I have not been able to write a blog post since that day. My mind has been foggy, scrambled, gray, and unclear. Some days my heart felt heavy, sad, and lifeless. Other days, I have sensed the warmth of her memory in the flowers and sunshine that she loved so dearly.

During the past months, some friends have asked how I am doing and others have kept an awkward distance, unsure of what to say.

Family members have all processed their grief uniquely, sometimes drawing close to each other, sometimes pulling apart because of tensions, anger, or a desire to process pain alone. Some have cried; others held their emotions in check; still others could not find tears even when they tried. Some went right to work arranging details; others were paralyzed by their loss.

In these three months, numerous other friends have also lost loved ones – children, siblings, parents, friends. Sometimes the deaths arrived as expected, peaceful, a long-awaited transition to a better place. Other deaths came suddenly, violently, shaking family foundations of faith and security.

Some of my friends experienced death much like I did… at the bedside, providing care and comfort, counting the minutes as they turned into hours. Other friends had no opportunity to sit nearby at the end or intentionally chose not to go there. Some appear unaffected by their grief; others are clearly rattled, and others experience a bit of both depending on the day.

I have found myself occasionally comparing my particular experience and my emotional response with others. However, I am learning that we cannot compare our different experiences with death any more than we can compare our different experiences with life. 

There is no right or wrong way to do this. There is no standardized approved amount of time, feelings, involvement, or impact that death brings to a person. Each birth, each person, each death is unique.

And so, for me and for you…

Take all the time you need.

Feel whatever it is you feel.

Do what you can and leave the rest.

Give grace, especially to yourself.

Chose safe people and safe places.

Sleep. Cry. Dance. Work. Laugh. Yell. Remember.

Don’t judge.

Don’t compare.

It is grief and so it will be.

∼∗∼

making choices

house search
I am a house hunter.
Hopefully just for a little while longer. My husband and I are settling in a new city and looking for a place to live. We have rented internationally for a long time. Now we are going to buy a home.

It has been quite the process.

I have been receiving emails for months that tempt me with the new offerings in my supposed price range. We have picked a realtor to help us search. Friends have made suggestions. We have scanned the internet realty webpages. We have looked at many maps and driven many miles through many neighborhoods and walked through many future home possibilities. Price per square foot, HOA fees, room layouts and sizes, finishings and amenities overwhelm our conversations.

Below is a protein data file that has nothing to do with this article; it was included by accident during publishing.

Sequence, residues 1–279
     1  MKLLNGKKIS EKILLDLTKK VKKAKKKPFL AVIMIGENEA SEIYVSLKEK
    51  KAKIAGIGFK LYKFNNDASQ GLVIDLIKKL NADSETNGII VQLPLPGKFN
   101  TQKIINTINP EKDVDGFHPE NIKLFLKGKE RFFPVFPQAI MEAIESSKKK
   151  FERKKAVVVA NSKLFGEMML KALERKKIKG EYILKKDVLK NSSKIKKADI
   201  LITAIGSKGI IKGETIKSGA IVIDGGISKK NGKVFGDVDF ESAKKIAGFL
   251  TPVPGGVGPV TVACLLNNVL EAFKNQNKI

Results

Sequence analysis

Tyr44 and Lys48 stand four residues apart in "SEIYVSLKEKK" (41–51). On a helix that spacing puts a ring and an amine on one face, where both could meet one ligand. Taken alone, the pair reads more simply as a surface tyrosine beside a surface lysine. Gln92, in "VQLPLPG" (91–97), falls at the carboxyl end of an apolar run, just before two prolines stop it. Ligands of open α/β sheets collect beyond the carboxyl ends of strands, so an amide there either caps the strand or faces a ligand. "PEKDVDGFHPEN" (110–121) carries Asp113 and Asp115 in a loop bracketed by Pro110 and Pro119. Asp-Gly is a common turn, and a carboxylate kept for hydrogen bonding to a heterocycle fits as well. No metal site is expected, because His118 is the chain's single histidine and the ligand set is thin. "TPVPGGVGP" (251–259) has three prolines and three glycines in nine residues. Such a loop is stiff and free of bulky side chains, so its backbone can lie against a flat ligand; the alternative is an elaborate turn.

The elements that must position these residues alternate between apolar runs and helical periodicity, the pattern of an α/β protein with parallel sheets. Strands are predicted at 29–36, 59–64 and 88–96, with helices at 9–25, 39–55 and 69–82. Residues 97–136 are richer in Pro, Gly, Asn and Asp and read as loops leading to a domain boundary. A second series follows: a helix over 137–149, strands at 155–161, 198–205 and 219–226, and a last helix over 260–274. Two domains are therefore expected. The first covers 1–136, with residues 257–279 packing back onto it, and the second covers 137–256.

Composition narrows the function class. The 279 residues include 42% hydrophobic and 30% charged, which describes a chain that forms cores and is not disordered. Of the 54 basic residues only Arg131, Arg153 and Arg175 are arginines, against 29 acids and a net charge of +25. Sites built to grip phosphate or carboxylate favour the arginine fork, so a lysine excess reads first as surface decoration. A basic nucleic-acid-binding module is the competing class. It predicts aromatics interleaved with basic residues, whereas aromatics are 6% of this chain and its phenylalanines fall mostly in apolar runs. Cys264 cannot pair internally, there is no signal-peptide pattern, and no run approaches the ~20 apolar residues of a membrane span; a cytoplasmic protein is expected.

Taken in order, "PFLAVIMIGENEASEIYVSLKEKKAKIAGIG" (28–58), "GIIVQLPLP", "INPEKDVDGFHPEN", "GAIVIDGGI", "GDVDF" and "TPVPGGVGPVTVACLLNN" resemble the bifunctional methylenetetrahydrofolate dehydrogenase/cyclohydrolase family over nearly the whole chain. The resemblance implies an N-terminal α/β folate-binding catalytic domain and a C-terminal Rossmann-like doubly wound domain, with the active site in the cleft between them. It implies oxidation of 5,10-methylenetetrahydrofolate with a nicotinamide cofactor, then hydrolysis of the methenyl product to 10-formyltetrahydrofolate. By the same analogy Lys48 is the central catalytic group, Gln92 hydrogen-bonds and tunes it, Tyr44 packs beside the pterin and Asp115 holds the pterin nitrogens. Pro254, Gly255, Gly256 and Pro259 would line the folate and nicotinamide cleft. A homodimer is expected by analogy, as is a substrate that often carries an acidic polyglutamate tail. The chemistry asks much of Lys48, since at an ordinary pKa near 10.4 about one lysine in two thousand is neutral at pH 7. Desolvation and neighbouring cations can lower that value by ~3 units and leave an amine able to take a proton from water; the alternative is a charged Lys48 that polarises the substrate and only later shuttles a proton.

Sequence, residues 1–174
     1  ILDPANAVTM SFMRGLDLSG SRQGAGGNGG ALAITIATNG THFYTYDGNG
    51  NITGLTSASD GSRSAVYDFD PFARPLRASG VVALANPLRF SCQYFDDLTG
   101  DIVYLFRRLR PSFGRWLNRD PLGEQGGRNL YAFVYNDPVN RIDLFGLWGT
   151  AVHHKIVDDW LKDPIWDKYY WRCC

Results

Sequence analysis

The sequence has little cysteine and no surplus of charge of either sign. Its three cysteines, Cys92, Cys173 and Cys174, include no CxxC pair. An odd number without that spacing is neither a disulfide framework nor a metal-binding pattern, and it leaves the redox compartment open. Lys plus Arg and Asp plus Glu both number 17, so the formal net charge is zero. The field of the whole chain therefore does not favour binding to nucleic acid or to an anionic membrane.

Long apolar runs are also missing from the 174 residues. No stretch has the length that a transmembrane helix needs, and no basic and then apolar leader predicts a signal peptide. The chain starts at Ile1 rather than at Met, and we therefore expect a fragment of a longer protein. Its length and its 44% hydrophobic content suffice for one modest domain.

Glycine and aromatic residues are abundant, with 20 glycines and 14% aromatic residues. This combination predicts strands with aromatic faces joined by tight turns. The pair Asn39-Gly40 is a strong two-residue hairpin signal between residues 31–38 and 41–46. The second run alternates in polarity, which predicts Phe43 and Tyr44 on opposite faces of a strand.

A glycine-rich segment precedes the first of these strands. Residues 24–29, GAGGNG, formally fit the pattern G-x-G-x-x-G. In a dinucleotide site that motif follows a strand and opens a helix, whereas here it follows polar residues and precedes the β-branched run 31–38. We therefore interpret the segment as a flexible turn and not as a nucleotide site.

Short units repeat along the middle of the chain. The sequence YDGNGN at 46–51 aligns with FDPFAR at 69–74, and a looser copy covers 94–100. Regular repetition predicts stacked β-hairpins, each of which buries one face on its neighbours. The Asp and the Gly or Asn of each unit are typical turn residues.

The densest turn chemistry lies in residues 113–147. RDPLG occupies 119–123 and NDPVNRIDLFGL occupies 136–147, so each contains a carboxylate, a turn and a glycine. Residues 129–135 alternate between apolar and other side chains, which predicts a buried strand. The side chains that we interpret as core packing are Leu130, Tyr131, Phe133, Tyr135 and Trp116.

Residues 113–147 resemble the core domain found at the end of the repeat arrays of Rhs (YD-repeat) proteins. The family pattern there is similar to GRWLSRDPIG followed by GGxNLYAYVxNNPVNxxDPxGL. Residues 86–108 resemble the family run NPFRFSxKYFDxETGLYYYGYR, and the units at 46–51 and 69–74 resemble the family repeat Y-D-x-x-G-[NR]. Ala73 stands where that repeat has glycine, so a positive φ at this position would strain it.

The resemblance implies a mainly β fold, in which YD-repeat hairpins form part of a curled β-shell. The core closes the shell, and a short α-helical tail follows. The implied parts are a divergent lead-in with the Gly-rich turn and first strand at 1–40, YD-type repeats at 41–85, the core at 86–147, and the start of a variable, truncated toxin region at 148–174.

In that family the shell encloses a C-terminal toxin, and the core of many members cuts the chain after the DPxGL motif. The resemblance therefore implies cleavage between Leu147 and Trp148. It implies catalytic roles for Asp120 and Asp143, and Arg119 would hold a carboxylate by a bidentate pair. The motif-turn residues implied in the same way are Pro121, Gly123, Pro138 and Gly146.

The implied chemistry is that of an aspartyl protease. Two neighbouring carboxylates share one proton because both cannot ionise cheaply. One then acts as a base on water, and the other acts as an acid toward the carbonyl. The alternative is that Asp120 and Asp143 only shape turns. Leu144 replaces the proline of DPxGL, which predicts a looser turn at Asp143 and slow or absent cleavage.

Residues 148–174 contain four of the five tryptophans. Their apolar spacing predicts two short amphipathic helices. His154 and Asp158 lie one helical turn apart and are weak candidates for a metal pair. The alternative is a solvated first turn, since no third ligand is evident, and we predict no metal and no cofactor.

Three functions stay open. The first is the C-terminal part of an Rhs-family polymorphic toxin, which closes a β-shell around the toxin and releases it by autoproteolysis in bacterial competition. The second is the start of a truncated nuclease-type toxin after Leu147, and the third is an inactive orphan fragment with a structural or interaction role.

Which style is me?

What do I like? What do I want? Big or small? Modern or cozy? Privacy or community? Move-in-ready or fixer-upper? Yard or carefree? Close to school district or mall? Stretch the budget or live simply?

Comparing with others only makes it worse. We know many people in the area. Some live in gorgeous, spacious homes; others in small efficient condos. Some have a pool; others a lake view. Some are amazingly decorated and organized; others are cluttered and in need of a few up-grades.

I have reflected on everything about me.

There was a day when my choice had more to do with my children and my job. What they needed was priority and simplified the options. Today I have very few real needs in a house, so it is just my chosen lifestyle that makes the determination. How do I like to spend my time? What is most important to me?

I want to be ok with who I am and my choices and not feel pressure to be like someone else.

I think the pressure and the comparison will always be there. Even at my age, I still struggle with wanting to be liked, wanting to fit it, and wanting to be someone I am not. Sometimes other people make it harder… questioning my desires and my decisions. Are you sure you want that? Wouldn’t you rather have this?

Over the years it has gotten easier. I am getting more comfortable in my own skin, but I don’t know if I will ever get over it completely.

So the search continues… for my house… and for my own identity.

How do you deal with choices and comparison? What helps you feel content with your uniquely created identity?

STOP to start

This past week, I heard various song lyrics that intoned, “I wanna fly!” I began to think about the desires I have to accomplish goals, fulfill a dream, or take on an adventure. I have plenty of ideas, but many times I get in my own way. I have learned that often I have to stop doing some things before I can start moving forward.

STOP judging

I don’t like being judged by people who don’t really know me: my marriage, my children, or my situation…  I don’t believe there is only one right way for all people to make it through this world, although sometimes I act like my way is the only way. There is such incredible creativity and diversity in people; judgmental, critical opinions are often completely erroneous because they come from an incomplete, only-from-the-outside perspective. If I don’t want others to judge me, I need to work at not judging others either.